Wilson Slough Reunion
Triton Environmental KM 6.5 Re-Watering Presentation at the River Restoration Northwest Design Symposium, February 2008 (pdf)
Designs: Preliminary Km 6.5 Re-Wetting Designs - June 2007 (pdf)
KM 6.5 Rewatering Brochure (pdf)
Wilson Slough originally connected to the Squamish Estuary as part of the upper Mamquam Blind Channel. CN completed installation of a culvert to reconnect these two waterbodies in fall 2007 and the site was fully functional in 2008. The District of Squamish is now the maintainer of the flood control system.
Wilson Slough Re-Connection Project Final Report, January 2009 (pdf)
Wilson Slough Brochure - Brackendale Fall Fair, 2008 (pdf)
LWD Demonstration Project
Location Map (pdf)
Orthophoto Plan View (pdf)
Regular Plan View (pdf)
Profile View (pdf)
CN partnered with the British Columbia Conservation Foundation (BCCF) to complete a large, woody debris (LWD) demonstration project in the Cheakamus mainstem near the North Vancouver Outdoor School in 2007. The project involved the construction of 11 wood structures and 55 loads of boulders to increase cover and habitat complexity along the riverbank. The project created over 850 square metres of instream rearing habitat. BCCF currently has phase II conditionally approved through the Cheakamus Ecosystem Recovery Fund.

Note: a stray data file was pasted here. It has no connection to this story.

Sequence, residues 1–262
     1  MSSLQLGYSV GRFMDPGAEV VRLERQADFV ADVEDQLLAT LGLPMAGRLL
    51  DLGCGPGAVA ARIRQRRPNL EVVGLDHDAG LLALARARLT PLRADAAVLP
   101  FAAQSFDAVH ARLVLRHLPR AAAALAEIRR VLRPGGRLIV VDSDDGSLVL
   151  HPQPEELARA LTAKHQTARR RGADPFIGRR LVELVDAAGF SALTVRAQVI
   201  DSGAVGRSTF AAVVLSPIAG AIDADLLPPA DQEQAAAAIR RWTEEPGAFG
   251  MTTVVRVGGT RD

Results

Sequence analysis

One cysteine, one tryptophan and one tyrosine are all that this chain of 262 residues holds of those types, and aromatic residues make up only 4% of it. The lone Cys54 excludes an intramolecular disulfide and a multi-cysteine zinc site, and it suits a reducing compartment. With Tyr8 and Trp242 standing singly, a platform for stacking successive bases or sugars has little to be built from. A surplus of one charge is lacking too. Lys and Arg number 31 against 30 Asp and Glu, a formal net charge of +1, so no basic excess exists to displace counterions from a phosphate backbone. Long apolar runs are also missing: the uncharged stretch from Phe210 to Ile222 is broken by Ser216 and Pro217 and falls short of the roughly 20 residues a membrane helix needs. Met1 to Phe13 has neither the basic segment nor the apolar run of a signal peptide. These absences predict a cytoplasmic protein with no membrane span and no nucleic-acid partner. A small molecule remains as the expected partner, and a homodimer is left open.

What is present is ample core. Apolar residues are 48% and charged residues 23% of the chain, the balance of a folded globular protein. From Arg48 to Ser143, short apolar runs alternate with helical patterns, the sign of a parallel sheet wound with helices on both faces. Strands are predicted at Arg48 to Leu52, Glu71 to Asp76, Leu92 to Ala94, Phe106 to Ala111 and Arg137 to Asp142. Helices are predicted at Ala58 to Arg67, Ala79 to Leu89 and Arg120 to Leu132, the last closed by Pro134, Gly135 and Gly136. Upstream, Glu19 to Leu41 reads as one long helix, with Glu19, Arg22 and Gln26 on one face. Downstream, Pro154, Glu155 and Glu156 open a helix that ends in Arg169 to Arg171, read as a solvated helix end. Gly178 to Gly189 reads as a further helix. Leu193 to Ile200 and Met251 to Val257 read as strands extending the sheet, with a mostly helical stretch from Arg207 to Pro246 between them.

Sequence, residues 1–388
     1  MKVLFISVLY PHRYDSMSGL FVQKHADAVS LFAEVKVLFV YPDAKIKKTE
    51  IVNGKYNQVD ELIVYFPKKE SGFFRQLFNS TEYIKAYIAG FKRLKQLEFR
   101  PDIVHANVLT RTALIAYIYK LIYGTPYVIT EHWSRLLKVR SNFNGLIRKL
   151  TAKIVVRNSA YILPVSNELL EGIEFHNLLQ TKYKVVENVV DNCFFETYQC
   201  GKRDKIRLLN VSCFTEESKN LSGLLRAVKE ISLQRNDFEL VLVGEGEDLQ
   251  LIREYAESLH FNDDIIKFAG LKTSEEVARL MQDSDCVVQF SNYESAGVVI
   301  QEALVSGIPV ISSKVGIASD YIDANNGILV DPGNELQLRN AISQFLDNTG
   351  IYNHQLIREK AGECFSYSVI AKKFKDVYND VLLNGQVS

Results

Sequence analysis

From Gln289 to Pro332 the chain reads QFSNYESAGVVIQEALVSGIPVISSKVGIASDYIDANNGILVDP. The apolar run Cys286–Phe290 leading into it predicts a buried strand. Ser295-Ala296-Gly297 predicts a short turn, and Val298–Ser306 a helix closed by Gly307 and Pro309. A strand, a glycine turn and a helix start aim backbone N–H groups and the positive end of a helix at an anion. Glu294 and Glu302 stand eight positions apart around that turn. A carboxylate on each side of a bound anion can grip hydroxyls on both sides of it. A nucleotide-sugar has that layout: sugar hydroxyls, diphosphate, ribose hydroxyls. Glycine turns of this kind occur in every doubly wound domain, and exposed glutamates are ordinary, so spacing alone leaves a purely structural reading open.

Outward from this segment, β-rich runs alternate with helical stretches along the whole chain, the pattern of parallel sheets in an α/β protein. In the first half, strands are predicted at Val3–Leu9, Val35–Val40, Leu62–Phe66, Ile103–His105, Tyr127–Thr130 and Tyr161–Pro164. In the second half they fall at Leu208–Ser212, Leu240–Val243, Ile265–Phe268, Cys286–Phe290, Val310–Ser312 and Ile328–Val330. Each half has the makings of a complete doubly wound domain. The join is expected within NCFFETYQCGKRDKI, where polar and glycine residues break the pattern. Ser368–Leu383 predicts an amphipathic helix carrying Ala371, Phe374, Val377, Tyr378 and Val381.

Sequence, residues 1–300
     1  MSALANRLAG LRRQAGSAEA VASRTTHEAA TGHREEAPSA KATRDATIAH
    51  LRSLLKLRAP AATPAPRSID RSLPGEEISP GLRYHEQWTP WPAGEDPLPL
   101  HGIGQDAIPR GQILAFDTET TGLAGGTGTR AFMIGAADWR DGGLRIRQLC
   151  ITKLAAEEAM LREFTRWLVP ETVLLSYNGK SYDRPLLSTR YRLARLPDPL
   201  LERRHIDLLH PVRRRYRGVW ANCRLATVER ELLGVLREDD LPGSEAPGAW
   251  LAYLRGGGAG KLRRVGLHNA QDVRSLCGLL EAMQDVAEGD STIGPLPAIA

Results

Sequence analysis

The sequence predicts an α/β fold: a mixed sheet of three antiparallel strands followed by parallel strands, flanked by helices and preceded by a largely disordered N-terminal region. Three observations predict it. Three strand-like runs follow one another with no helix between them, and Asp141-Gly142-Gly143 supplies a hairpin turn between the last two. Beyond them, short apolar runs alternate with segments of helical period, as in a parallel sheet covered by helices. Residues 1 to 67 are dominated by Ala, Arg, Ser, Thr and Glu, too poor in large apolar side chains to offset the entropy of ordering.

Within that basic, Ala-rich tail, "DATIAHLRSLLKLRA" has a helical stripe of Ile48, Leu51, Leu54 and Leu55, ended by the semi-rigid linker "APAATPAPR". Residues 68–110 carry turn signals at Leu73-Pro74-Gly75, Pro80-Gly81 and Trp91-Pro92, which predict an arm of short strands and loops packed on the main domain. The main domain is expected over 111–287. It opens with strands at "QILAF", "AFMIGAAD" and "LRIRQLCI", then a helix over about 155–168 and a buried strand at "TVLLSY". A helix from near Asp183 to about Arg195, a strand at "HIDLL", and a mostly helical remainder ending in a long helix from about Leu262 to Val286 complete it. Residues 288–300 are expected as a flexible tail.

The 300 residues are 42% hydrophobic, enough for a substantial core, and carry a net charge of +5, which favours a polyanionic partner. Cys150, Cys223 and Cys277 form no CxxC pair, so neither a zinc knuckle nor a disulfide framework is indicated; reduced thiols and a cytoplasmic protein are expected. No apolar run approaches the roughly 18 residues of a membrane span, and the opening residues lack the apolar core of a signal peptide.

LWD Demonstration Project 2007 Final Report (pdf)
Cat Lake Stocking and Enrichment Project
LWD Brochure - Brackendale Fall Fair, 2008 (pdf)
LWD Demonstration Consultation Background - June 2007 (pdf)
LWD Demonstration Proposal - March 2007 (pdf)
CN partnered with the British Columbia Conservation Foundation (BCCF) to stock Cat Lake with approximately 3,000 steelhead trout in 2007 and 2008 and provide nutrient enrichment to the lake to provide fishing opportunities. The work is completed with the support of local First Nations and involves limnology monitoring and fish sampling.
Dave Marshall Salmon Reserve Habitat Enhancement
CN is always looking for feasible enhancement or restoration projects on the Cheakamus River. If you have an idea, please complete the forms below, or if you have a project you would like to propose to the Cheakamus Ecosystem Recovery Fund please click the link to the Fund.
Project Ideas - Project Suggestion Form (pdf)
Cheakamus Ecosystem Recovery Fund